The Inhumanity of War and the Loss of Innocence in ‘A Long Way Gone’

January 30, 2019 by Essay Writer

David Hackworth once said “[w]ar is the ultimate reality-based horror story.” David introduces the idea that war has a constant theme of horror. Many of the events that take place in Ishmael Beah’s narrative “A Long Way Gone” support Hackworth’s opinion. Ishmael describes several events that take place on his journey to find his family; many of which turn into a horrific encounter that sometimes involves death. The tactics portrayed in war leads to a great loss and a change in point of view as portrayed in A Long Way Gone by Ishmael Beah.

Due to the condition of Ishmael’s home, he and his friends are given an ultimatum: either they leave the village and die or they stay and suffer through the horrific war tactics, which leads to the loss of innocence in Ishmael and his friends. The soon to be soldiers had just started to feel safe in Yele after wandering for days trying to survive and grieving the loss of their friend, they were not going to give up safety just to avoid killing rebels. After choosing to fight, Ishmael and his friends witness prisoners being lined up and killed from being shot in the head. This action is justified by the lieutenant exclaiming “[t]hat is why we need strong men and boys to help us fight these guys, so that we can keep this village safe.” (Beah 12). While at first Ishmael and a few others were disgusted by this action, they soon took part in deciding whether or not someone got to live or die. The lieutenant used this quote as propaganda to get young boys to join the fight against rebels. Not long after the encounter with death upon prisoners Ishmael and his war buddies are transformed into soldiers who can eat anything edible in one minute flat. Ishmael proclaimed that “[…] killing had become as easy as drinking water.” (Beah 12). The once innocent children are now lost brainwashed soldiers trained to kill; no one can get in their way. Violence was not the only tactic that began the process of loss for these child soldiers; drug addiction soon stripped them from all innocence as well. Ishmael shared how he “[…] had become addicted to them.”(Beah 12). Marijuana, brown brown, and white capsules fueled his addiction day after day, soon leading him to a slow recovery from withdrawal. The actions Ishmael and his companions took part in lead them to the loss of their childhood.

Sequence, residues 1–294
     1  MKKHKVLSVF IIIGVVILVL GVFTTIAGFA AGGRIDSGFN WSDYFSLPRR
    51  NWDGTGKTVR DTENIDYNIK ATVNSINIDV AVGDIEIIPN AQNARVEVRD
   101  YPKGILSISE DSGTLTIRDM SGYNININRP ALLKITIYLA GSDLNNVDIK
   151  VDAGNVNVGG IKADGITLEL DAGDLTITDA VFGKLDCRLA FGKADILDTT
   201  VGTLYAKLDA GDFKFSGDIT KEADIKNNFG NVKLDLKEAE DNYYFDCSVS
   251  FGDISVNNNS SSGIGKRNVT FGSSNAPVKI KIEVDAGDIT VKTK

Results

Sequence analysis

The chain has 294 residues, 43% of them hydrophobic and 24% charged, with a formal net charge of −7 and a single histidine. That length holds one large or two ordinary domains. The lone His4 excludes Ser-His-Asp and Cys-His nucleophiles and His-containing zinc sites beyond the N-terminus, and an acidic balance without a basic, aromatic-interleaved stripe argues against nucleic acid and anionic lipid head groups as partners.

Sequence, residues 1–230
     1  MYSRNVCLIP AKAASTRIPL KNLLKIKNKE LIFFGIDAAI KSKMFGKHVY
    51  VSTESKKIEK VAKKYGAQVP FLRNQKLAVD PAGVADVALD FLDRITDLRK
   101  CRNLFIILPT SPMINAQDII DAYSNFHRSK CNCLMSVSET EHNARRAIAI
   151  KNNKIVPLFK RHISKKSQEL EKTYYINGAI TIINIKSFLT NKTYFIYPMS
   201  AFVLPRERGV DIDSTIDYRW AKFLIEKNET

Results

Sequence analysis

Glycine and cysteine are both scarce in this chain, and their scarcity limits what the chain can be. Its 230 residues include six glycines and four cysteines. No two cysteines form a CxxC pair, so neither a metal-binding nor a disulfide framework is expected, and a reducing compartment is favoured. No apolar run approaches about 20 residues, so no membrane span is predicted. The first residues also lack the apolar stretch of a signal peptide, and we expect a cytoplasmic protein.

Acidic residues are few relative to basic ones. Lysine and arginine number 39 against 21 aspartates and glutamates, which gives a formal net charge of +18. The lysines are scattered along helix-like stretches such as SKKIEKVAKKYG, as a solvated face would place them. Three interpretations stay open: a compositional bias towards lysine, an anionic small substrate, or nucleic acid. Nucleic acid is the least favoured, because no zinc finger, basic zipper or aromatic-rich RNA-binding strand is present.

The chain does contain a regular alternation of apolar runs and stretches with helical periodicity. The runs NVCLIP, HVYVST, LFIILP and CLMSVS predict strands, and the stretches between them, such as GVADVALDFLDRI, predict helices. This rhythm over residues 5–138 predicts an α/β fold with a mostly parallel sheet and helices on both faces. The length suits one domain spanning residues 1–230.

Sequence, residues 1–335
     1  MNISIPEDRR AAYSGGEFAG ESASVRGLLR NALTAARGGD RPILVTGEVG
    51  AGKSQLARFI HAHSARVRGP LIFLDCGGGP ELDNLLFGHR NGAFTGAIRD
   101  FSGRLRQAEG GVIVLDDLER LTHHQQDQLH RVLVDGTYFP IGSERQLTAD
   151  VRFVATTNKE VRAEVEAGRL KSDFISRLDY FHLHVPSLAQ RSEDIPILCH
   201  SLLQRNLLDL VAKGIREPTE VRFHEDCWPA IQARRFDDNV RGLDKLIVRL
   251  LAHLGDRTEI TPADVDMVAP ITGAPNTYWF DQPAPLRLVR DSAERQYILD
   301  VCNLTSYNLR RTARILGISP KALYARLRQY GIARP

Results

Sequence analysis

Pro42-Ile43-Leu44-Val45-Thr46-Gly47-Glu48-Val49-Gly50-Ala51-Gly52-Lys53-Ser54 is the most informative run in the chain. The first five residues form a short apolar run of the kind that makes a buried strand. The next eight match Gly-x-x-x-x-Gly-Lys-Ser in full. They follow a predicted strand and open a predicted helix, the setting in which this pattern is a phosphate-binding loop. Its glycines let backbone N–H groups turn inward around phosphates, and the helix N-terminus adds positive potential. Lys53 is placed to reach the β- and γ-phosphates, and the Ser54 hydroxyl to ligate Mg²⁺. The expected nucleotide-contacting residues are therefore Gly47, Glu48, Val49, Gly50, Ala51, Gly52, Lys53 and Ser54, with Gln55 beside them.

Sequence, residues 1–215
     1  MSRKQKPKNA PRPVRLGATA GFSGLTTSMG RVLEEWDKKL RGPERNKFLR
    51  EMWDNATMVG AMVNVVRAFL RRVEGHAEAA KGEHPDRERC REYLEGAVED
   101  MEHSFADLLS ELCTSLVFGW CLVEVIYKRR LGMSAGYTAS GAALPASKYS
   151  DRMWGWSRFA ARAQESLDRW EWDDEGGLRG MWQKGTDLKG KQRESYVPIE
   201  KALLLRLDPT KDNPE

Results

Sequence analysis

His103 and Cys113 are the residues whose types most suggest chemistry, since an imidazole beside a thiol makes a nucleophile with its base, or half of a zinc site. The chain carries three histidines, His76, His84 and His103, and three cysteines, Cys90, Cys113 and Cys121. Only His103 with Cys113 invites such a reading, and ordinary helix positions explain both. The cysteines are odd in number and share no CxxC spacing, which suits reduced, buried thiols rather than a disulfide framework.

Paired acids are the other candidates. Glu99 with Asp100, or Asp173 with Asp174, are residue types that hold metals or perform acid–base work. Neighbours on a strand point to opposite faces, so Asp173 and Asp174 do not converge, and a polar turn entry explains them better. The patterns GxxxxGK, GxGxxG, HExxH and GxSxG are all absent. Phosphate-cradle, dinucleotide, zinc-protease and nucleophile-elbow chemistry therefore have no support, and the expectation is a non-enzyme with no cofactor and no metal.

In response to the crumbling world around them, Ishmael and his friends would constantly try to make the best of things in order to keep the bit of childhood innocence that remained. After joining the fight against the rebels their point of view on the world was changed permanently. No longer did the child aged soldiers think there was still hope in the world; Ishmael confirmed that they were “[…] dangerous, and brainwashed to kill.” (Beah 15). They did not think twice about whether someone lived or died at this point, they just killed them. No one, in their eyes, could be trusted anymore. The boys tried so hard to steer away from violence on their lengthy journey to find their family, but now they “[…] needed the violence.” (Beah 12). This quote not only shows how their point of view shifted from finding their family to killing everyone in sight, but it also shows the effect war has had on them. No longer are they trying to flee from violence. Only after they entered the Benin Home and went through hours of people trying to rip them from the corruption of war did they realize how shifted their point of view was. As they entered the second month of living in Benin Home, Ishmael explained how they were “[…] still traumatized, and now that we had time to think, the fastened mantle of our war memories slowly began to open.” (Beah 19). The boys have now had time to relive the moments they began to regret from war. Their outlook on certain things have changed, and now not only are they traumatized from fighting but also from reliving their childhood war. The point of view from Ishmael and his friends have suffered due to participating in the Sierra Leone war.

Ishmael and his friends experiences in war showed a loss of innocence and a change in point of view. The tactics portrayed in the conflict between the Rebels and Sierra Leonean childhood soldiers shaped them into almost new people. These boys had to make hard choices during the attack from the Rebels that they grew to regret; not only that, but they failed to keep their child mind frame throughout the war. War is unnecessary and leads to a bad effect on the minds of citizens everywhere.

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